- Briana Lopez
I have read countless quotes, excerpts, and lines of poetry that have inspired me. But, no line of poetry, no paragraph from a fiction piece, no “quote of the day” has ever resonated with me the way Richard Blanco’s poem, “América,” did.
This poem discusses a Cuban family’s struggle with balancing, and accepting two cultures. I have a strong attachment to this idea because I often find myself in the same situation. I, like the characters in Blanco’s poem, am Hispanic. My mother was born in La Habana, Cuba, and my father in Fajardo, Puerto Rico. I was born in Jacksonville, as an American, but my parents raised me with their Hispanic customs. We celebrate Hispanic holidays like Three Kings Day and Hispanic Heritage Month the same way Americans celebrated Veterans Day, and Martin Luther King Jr. Day. But we never celebrated them both. It was either Veterans day, or Hispanic Heritage month.
As I got older I began to reflect on my past and realized the significance in all of these differences. I began expressing interest in learning about my background as an American Citizen. I’d spend my entire childhood embracing the Hispanic side of me, so I never got the chance to explore the American. My family soon tried to adopt the beliefs. Simple things like having turkey on Thanksgiving, and putting American Flags on our lawn during Veterans Day. Studying American history and culture in so much detail that it became engrained within us in the same way Hispanic culture was. After this period of self-discovery, I realized that balancing both cultures was harder than I thought. My attempts, though genuine, did not feel natural. I could not be only Hispanic or American. I am a Hispanic American, and I'm allowed to be both.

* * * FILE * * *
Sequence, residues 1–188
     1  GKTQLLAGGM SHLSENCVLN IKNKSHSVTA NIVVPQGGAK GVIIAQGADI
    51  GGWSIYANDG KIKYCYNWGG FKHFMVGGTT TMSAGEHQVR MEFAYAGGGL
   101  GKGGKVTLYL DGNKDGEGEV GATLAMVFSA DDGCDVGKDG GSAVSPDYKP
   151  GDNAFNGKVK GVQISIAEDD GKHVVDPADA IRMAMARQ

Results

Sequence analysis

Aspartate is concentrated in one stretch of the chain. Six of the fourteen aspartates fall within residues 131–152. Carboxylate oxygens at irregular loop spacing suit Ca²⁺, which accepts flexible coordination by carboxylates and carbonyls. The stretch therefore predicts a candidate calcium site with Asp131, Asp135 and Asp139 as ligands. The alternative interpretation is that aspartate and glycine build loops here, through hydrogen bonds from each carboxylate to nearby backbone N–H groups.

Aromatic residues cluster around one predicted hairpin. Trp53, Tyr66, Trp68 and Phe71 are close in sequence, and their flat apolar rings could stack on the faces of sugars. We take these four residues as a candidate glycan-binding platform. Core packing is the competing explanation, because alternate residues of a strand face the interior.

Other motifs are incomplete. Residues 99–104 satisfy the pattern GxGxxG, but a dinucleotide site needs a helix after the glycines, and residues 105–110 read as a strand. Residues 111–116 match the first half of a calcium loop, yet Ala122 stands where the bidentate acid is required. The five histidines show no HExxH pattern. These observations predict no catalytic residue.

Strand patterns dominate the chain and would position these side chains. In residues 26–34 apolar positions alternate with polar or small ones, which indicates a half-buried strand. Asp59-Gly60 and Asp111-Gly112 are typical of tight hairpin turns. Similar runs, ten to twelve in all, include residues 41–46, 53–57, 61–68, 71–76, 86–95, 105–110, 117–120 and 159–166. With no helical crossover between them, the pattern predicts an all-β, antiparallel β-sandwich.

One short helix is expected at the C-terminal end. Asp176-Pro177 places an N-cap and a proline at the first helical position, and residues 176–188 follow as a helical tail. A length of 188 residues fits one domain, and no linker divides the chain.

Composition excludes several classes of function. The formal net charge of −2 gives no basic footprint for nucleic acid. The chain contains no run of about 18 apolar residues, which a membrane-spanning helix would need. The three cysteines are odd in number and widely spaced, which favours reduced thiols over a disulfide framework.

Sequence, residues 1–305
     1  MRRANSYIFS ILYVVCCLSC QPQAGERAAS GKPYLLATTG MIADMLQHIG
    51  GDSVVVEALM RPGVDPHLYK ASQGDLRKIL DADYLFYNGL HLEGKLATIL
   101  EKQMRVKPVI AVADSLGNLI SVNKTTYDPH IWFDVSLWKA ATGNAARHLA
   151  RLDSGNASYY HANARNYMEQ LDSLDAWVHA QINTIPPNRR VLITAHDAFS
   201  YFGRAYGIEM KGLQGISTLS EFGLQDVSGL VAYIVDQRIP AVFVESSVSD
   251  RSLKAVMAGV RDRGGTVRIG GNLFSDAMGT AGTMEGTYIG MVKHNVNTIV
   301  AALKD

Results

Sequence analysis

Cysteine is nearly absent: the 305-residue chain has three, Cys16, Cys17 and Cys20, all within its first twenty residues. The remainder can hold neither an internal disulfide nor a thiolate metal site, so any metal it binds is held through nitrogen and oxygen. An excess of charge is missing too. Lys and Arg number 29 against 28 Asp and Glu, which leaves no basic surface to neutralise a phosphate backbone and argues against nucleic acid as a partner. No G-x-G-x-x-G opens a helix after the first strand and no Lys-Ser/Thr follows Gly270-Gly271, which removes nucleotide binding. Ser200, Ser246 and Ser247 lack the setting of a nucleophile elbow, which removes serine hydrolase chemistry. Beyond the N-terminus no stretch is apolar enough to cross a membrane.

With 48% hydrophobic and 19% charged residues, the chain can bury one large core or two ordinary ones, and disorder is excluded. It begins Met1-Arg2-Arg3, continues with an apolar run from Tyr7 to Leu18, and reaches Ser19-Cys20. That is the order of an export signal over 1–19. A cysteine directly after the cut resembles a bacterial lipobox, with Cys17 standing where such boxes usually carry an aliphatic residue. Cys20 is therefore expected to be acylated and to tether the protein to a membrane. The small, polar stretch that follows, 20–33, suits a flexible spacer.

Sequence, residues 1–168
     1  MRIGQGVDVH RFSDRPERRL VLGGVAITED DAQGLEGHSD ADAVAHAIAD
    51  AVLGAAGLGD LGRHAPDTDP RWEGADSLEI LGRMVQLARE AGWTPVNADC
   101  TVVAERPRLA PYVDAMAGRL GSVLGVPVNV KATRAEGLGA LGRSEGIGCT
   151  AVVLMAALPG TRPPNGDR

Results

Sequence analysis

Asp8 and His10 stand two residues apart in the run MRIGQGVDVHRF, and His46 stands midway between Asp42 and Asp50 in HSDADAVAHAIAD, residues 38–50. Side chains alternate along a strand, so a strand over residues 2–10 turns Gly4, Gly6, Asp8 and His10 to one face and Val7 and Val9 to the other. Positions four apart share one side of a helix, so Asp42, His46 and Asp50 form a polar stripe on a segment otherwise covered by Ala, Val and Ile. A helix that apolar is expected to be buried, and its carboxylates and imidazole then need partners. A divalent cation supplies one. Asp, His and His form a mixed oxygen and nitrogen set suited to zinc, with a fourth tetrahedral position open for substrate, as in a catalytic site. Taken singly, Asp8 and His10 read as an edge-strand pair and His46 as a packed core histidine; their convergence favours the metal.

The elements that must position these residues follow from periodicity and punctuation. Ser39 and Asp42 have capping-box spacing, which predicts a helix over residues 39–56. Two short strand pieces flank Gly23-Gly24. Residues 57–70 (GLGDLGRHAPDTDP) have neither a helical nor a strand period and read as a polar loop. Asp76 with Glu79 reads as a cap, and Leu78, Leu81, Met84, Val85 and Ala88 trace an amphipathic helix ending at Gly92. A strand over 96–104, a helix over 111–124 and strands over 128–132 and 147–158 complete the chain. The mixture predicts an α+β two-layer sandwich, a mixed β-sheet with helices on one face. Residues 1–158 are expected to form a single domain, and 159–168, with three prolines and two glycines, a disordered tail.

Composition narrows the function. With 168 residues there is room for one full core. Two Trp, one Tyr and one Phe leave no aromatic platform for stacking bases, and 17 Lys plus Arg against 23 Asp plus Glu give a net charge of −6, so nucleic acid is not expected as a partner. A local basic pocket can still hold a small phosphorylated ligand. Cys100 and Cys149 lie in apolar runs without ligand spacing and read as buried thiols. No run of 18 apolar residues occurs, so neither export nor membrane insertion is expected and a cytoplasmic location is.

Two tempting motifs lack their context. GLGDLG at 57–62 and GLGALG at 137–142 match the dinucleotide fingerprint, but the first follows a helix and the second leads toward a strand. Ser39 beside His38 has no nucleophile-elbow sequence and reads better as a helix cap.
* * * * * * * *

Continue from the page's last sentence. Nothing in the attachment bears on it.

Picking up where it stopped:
The cultural resonance and applicability of this poem gave me justification in my realization. Blanco expressed to me, with excruciatingly vivid detail that is hard to balance two cultures at once. That it is impossible to rid of my roots. But that it is possible, to learn to accept both cultures for what they are, and how they play a role in my life. This poem completely captivated me and gave me a sense of self-realization that I had never experienced before.
Now, when someone asks me where I’m from, or what I am, I tell him or her, with pride, that I’m a Hispanic American. I embrace my roots and enlighten others about my Hispanic and American heritage, rather than hide it. I now celebrate all holidays not just “the Hispanic way” or “the American way” but both ways. I wear red white and blue to display pride for America, and also for Cuba and Puerto Rico as well. Cuba, Puerto Rico, and America all share the same colors on the flag, and I share all the same colors in the complex, layered concept of my identity.
-Briana Lopez, Junior Social Media Editor
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